When he was about 8 months old I made the decision to officially retire from my business (I got a paycheck that paid of a good chunk of debt and we could live off jsut my husbands income). When he was 10 months I let my license expire and was officially a SAHM.
It was incredible to know that I was home with him for good. I found that once I didn't have to worry about making an income. I found that I gave myself fully into mothering. Nothing held me back anymore. When I was working it was hard to get fully attached to Caleb and immersed in mothering. I'm so glad I retired and don't regret it one bit. I've been out of the work force for just over a year now and I love being a mother more every day.

As for teachers, I've had a lot of good ones. But I went to a Christian school for a number of years. I had some good public school teachers but the passion (for the most part) wasn't there in the same way. Good teachers teach because they love kids and they love molding young minds. My dad was a teacher for 9 years. He still gets calls from old students everytime any one of them visits Canada (he taught college in the Netherlands) because they loved him as a teacher and respected him.
Just by my observation: there were more teachers who actualy enjoyd teaching in the private sector than there were in the public sector. Though I remember a couple really great public school teachers and several really rotton Christian school teachers. And the majority of them put in the 50-60 hours per week, but not always cuz they wanted too.
And if a teacher really was so great, why would they take education away from their students by going on strike to earn more money? Is it about the kids or about the money? I remember strikes happening right at the time of government exams. Kids were missing out on critical classes because someone wanted more pay. More pay than $50-$100k per year for 8 hours a day of work, 10 months a year, paid benefits, stats, and holidays (I have a friend who was involved in of the strikes, this info isn't just pulled out of a hat).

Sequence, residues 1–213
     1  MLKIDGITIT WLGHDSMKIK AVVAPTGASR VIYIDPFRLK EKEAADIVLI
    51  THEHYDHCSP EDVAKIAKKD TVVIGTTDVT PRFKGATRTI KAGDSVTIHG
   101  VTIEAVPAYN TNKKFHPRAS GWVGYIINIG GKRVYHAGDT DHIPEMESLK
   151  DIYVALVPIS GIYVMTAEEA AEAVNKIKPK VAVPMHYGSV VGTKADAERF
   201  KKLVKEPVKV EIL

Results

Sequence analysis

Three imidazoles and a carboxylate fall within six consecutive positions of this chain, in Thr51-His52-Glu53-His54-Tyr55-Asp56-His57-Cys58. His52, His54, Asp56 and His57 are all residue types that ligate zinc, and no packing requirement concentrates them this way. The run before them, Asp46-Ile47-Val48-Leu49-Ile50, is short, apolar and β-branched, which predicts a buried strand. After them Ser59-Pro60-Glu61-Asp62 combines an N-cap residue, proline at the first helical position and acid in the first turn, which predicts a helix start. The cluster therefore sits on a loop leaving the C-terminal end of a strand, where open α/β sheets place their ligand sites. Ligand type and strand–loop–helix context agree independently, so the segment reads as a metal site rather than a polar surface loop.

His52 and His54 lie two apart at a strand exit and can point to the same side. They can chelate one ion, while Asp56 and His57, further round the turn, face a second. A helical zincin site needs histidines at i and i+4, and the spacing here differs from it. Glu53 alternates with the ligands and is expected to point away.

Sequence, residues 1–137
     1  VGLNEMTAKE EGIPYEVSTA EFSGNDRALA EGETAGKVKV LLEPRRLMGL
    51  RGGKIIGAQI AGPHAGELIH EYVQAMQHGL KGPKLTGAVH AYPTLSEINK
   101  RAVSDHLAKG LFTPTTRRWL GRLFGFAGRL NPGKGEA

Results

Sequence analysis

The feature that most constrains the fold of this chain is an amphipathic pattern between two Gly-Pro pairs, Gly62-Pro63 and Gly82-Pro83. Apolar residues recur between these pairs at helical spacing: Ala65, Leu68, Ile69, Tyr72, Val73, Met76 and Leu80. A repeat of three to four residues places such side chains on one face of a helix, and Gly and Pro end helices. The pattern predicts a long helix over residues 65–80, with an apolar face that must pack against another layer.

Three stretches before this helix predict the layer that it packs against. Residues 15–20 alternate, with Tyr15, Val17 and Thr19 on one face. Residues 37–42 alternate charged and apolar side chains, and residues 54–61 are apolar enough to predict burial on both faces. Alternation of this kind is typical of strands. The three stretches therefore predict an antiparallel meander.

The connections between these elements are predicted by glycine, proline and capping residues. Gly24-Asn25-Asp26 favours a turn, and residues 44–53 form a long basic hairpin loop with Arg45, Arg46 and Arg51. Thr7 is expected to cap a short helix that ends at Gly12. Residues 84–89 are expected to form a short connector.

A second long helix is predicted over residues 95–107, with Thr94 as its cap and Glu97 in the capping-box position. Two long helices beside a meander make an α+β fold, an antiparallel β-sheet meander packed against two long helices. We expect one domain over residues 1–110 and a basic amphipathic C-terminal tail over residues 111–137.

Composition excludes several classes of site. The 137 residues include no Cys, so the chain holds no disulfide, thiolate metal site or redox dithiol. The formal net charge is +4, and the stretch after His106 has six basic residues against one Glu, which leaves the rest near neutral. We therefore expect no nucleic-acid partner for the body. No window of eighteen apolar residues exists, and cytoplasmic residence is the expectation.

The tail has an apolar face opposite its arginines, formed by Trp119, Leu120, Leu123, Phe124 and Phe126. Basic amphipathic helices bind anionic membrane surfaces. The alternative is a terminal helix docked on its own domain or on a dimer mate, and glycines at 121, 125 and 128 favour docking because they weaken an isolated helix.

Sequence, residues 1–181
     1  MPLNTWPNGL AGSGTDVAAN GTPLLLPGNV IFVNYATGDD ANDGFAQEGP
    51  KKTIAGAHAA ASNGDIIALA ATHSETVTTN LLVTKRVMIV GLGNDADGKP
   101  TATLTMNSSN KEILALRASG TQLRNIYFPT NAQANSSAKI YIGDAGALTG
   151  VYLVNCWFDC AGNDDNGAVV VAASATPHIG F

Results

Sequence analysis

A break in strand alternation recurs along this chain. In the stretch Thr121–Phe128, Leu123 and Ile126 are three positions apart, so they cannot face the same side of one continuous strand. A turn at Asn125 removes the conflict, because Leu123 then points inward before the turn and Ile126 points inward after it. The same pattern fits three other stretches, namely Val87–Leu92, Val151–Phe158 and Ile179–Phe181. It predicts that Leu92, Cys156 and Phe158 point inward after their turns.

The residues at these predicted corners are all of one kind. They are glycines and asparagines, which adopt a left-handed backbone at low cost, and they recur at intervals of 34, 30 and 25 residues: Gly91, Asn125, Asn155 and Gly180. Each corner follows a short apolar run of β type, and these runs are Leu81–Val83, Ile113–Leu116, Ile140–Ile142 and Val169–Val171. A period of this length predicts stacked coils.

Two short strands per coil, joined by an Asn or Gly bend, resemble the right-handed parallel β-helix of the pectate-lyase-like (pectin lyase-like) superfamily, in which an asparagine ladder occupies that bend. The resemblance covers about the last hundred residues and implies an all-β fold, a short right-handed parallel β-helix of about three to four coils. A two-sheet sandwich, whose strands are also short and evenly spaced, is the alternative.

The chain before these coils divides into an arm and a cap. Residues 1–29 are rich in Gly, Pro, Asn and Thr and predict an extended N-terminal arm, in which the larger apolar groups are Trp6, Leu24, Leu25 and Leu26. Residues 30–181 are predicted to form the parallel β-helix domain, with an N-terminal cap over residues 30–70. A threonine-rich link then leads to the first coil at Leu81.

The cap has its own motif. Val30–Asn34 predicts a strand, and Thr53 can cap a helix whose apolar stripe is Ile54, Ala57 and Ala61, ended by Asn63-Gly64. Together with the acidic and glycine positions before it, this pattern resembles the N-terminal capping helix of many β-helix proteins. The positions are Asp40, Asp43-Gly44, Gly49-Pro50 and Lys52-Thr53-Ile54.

At 10:06 AM , Blogger Veronica Boulden said…

Great post. I went to college to be a teacher, but I changed majors halfway through. My college was known for having one of the top schools of education in the area, too. It was supposed to be very "up" on the all teaching philosophies, etc. That said, what I was being taught the first two years of school under minded the role of the family in education at every turn. When we were discussing solutions to problems we would face in the classroom, if we even mentioned the dreaded word "parents," if we even considered what they could bring to the equation, my professors would just wave their hand and dismiss us. We were TAUGHT to undermine the family and I fear, this is the case in many schools of education today. We were told we would basically be called on to deliver the kids from the sins of the parents. And, by sins, I mean their family's precious faith and ideals. At the time, I couldn't articulate why this didn't sit well with me. I wanted to be world changer and influence kids for good and all that. But, now, I see that I couldn't go along with it because I wanted even more to influence families toward each other. That's what the world really needs and that's what the good teachers do well.
Why I chose to be a stay at home mom? I wanted to raise my own kids. I didn't want them to simply be "handled" for eight hours a day. That's the most even the best caregivers can do, really, just "handle" kids well until the parents come and do the real instructing and discipline and caring. I wanted to bulk of my children's days spent with someone (me) who had the God-given authority to mold them. I realize I am blessed to be able to stay home financially. That may not always be the case, so I try to be thankful and not have a superior attitude towards others who chose differently. My mom and dad worked full time and I turned out great, I think. :) But, I didn't always want more of them, so that's why I want to stay home and give my kids more of myself. Now I need to get off the computer and do just that! :)


At 10:10 AM , Blogger Veronica Boulden said…

I meant to say I DID always want more of my mom and dad. They were just so spent after a long day at work, unfortunately, neither of them had anything to offer.

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Name: Sheila

Home: Belleville, Ontario, Canada

About Me: I'm a Christian author of a bunch of books, and a frequent speaker to women's groups and marriage conferences. Best of all, I love homeschooling my daughters, Rebecca and Katie. And I love to knit. Preferably simultaneously.